09 Jun What is a divorce?
Divorce and what it means: Many people refer to a divorce when what they really mean is property settlement and vice versa. When you refer to a divorce, this is the step you take when you have been married and have been separated for at least 12 months. This is when you can apply for a divorce. However you do not have to divorce in that exact timeframe. You may be separated for years before you decide to divorce but as long as it has been at least 12 months since separation you can do so at any time after that period.
Divorce is a separate issue from making arrangements for who spends time with the children of the relationship and who the children live with. However you will need to provide information on your divorce application about the children with respect to their financial maintenance, any medical issues and how they have been addressed and the educational institutions attended by the children to show that the parties have taken care of the children’s interests and put their needs first.
Similarly property settlement can be completed at any time but once you have finalized your divorce, you then only have 12 months in which to finalise property matters. If you do not finalise property matters within that time then you will need to make an application to the court (usually the Federal Circuit Court) providing reasons as to why your application is out of time and any hardship you or the children may suffer if your application for property settlement is not accepted.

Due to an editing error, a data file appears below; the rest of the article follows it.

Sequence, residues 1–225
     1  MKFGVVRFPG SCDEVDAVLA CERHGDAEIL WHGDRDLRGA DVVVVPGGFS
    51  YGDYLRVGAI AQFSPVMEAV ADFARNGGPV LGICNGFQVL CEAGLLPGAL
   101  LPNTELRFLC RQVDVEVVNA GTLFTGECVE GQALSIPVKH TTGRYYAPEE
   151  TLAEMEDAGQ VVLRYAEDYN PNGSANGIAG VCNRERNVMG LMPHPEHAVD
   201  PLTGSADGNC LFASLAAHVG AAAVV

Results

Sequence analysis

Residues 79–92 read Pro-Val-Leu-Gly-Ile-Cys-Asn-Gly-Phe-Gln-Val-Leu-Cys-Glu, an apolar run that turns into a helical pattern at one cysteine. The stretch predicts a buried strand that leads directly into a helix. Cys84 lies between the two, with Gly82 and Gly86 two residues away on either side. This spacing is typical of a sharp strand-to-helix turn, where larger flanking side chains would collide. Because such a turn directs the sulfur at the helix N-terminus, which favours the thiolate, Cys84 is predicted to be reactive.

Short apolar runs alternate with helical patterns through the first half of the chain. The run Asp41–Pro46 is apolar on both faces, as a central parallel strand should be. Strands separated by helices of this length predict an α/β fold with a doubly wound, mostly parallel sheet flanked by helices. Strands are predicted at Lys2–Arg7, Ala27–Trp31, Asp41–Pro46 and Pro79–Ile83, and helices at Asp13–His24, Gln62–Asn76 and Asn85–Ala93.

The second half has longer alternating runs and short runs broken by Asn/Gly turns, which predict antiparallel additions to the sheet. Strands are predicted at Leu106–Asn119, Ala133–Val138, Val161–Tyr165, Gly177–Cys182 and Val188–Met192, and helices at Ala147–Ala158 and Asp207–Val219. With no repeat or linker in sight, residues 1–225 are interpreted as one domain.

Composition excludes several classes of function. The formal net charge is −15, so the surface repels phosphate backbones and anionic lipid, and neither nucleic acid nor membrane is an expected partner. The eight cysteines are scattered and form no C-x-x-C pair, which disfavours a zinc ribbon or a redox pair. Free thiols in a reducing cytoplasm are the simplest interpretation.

The Federal Circuit Court has a Divorce Kit which you can download and you may wish to do this yourself. The fee information is readily available on the Federal Circuit Court website and the Divorce Kit has all the information you need to file for divorce, either as a joint application with the other party or you can file a sole application and then serve the documentation on the other party.
There may be occasions when you will need a solicitor to do this for you. For example, you may be too busy to make your own application and prefer a professional to complete this and appear at court on your behalf. There are sometimes responses from the other party, for various reasons, where they will defend your application for divorce, for example, if they do not agree on the separation date. This may entail the lodgement of further affidavit material to respond to the other party’s claims and will extend the period of time taken to obtain your divorce. You should seek professional advice if this happens.
Be aware that any information about this sort of application should not be discussed with the children of the relationship. It is not their issue and they will be affected by the family breakdown already and there is no benefit to anyone from informing them about proceedings and including them in the emotional fallout.
There is a section in the Family Law Act 1975 (s.121) that specifically places quite extensive restrictions on publication of any information of parties to proceedings in the court. You should be aware that this includes all forms of social media, such as SMS text messages, Facebook and Twitter. Basically this means keeping your personal business to yourself and not involving other people, including children.